We really enjoyed reading this fascinating coconut paper by Philip Cerepak, a PhD candidate studying Southeast Asian History at the University of Wisconsin-Madison, and are pleased to share it to our CKC audience.
“Between 1650 and 1900, revolts, rebellions, and resistance by sugar workers increased as sugar became a daily fixture in the European and American diet. And, in the twentieth century, increased global consumption of coconut oil turned coconuts into a catalyst of conflict.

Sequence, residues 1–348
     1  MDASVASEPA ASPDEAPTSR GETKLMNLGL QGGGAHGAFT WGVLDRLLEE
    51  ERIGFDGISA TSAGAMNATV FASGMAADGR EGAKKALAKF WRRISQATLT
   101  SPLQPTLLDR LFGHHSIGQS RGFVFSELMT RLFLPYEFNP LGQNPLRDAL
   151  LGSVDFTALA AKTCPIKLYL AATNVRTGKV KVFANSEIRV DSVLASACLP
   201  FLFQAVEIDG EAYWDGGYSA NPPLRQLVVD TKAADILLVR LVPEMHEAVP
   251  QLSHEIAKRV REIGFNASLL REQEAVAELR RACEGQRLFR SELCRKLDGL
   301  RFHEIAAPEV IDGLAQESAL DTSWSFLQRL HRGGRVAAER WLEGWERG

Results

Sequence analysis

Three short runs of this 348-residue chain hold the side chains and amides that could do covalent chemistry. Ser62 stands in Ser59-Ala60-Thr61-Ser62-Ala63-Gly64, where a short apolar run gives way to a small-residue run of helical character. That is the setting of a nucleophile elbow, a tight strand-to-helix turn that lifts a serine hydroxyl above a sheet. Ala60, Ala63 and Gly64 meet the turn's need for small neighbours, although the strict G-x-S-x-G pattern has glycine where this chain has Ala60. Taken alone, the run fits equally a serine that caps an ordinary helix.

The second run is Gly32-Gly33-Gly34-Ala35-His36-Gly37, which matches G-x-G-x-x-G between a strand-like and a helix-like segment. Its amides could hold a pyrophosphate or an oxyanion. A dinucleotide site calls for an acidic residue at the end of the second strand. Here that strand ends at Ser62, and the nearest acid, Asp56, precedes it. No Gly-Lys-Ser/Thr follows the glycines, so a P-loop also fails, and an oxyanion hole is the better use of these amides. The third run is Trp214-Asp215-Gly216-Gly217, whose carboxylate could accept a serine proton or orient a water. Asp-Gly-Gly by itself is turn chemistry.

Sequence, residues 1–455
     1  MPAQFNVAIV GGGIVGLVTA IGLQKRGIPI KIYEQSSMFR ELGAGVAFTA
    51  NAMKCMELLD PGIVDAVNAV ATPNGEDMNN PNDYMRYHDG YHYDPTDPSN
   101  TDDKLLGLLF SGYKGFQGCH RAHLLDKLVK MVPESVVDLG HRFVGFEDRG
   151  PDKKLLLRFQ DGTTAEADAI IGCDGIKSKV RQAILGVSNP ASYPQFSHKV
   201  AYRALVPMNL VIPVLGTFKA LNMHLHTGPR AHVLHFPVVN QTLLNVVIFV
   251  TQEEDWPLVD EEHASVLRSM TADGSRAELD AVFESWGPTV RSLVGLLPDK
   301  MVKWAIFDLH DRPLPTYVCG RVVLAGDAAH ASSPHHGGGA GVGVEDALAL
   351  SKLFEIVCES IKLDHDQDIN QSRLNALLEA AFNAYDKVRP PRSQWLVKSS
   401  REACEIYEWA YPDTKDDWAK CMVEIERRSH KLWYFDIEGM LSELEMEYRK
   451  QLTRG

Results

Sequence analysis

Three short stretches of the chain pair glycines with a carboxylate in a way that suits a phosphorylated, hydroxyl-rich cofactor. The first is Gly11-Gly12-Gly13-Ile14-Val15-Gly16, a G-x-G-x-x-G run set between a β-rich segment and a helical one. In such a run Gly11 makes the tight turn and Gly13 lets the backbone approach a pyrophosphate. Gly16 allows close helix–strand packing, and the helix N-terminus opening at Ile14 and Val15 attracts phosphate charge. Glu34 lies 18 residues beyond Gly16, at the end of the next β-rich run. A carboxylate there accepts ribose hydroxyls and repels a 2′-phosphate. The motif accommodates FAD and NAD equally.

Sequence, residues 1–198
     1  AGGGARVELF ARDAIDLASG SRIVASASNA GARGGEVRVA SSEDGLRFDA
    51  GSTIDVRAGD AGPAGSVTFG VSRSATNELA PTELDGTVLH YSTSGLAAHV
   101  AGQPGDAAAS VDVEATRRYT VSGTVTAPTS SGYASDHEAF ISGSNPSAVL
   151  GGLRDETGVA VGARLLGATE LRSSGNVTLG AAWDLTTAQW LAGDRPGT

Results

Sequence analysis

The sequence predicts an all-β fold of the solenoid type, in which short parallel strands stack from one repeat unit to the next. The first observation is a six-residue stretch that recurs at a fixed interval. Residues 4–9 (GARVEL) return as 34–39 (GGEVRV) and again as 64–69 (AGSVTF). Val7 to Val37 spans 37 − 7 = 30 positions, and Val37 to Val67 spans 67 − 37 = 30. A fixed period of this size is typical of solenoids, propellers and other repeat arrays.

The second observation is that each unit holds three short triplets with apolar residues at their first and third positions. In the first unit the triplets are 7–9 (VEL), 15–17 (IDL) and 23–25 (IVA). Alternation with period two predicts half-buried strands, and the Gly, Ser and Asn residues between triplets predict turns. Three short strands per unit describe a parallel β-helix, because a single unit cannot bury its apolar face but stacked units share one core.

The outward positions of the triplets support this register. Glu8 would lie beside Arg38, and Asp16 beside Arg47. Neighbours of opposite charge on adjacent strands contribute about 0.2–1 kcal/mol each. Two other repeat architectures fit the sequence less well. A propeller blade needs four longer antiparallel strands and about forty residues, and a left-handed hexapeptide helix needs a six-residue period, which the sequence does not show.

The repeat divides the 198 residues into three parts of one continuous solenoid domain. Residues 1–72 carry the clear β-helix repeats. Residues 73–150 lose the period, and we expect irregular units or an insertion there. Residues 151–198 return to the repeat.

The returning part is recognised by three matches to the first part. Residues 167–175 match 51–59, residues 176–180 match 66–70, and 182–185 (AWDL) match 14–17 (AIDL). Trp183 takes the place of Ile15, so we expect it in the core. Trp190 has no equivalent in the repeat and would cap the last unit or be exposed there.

Before 1860, European imperial powers did not trade extensively in copra, the dried meat of a coconut. Within a hundred years, however, demand for copra would make it one of the most extensively traded agricultural goods throughout the world. Copra’s rise as a necessary import within the western world was a result of industrialization, war-time experiences, and the importance of fats and oils for food, feed, and the raw material industry.”
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